With the close of both the Republican and Democratic national conventions, the presidential campaigns will quickly shift to full-blown. Soon to follow will be more political ads, signs on billboards and in yards, social media explosions, and talk all over the world regarding this upcoming election.
During this political season, churches want to avoid jeopardizing their 501(c)(3) nonprofit tax status. A church is exempt from federal income taxation if it is organized and operated exclusively for religious purposes. No substantial part of its activities may carry on propaganda or otherwise attempt to influence legislation, and it may not participate in or intervene in (including the publishing or distributing of statements) any political campaign on behalf of any candidate for public office. It is worth noting that never has there been more scrutiny in our country over churches and their tax-exempt status.
Many guidelines are readily available to churches* so they know what they can and cannot do politically, but here are five quick reminders:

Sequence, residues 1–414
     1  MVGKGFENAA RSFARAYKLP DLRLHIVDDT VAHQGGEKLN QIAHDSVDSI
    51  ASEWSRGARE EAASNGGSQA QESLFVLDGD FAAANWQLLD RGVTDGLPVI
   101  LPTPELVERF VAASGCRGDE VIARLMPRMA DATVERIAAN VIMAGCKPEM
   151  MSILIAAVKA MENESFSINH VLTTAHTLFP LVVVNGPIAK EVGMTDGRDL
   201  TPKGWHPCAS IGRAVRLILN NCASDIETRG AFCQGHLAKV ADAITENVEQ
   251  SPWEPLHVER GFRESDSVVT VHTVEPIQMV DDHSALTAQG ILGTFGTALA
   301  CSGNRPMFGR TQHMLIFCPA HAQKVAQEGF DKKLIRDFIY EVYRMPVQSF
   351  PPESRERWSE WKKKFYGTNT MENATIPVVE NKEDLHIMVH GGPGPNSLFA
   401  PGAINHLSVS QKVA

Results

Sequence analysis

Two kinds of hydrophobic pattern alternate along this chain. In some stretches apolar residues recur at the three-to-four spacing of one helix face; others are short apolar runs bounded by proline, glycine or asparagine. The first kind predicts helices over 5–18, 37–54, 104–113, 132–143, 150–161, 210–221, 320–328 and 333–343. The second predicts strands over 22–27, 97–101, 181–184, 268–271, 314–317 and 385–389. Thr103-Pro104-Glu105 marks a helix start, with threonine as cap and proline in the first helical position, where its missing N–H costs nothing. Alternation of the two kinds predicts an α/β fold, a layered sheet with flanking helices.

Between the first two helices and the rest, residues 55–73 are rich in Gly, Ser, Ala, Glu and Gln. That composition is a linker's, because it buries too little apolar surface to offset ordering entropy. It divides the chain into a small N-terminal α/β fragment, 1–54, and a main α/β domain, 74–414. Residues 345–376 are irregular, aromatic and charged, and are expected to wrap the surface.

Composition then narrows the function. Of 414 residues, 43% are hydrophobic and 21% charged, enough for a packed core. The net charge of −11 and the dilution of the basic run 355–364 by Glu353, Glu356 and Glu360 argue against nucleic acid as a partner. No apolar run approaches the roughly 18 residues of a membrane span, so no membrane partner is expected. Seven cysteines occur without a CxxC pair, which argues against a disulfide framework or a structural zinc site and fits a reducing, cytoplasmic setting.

- A church can have candidates speak, but to be fair, all candidates must be invited. After a church issues an invitation, It’s okay if only one candidate accepts, as long as the invitation was issued to all the candidates. The church may not favor a particular candidate, as that would be using the church to help a specific candidate, which is outside the church’s mission.
- Stressing the importance of citizens’ right to vote is great; just don’t endorse a specific candidate.
- Don’t take up an offering for a particular candidate. Individuals may support the candidate of their choosing if they desire to do so.
- Don’t get involved as a church in a campaign or lobbying. Getting involved as a church carries the possibility of your church losing its tax exemption.
- If your church is planning multiple election-related activities or events this political season, consult your local tax/legal counsel for review and advice.
Do your part to ensure that your church meets the legal criteria to keep from jeopardizing its tax exempt status.
*For example, see:
- “Churches, Pastors, and Politics” by Kevin Bauder
- Chapter 10 of The Business Side of Ministry by Michael Nolan
- “Jeopardizing Tax-Exempt Status” in the IRS’s Tax Guide for Churches & Religious Organizations
Michael Nolan is CFO/treasurer and director of strategic ministry growth for the GARBC.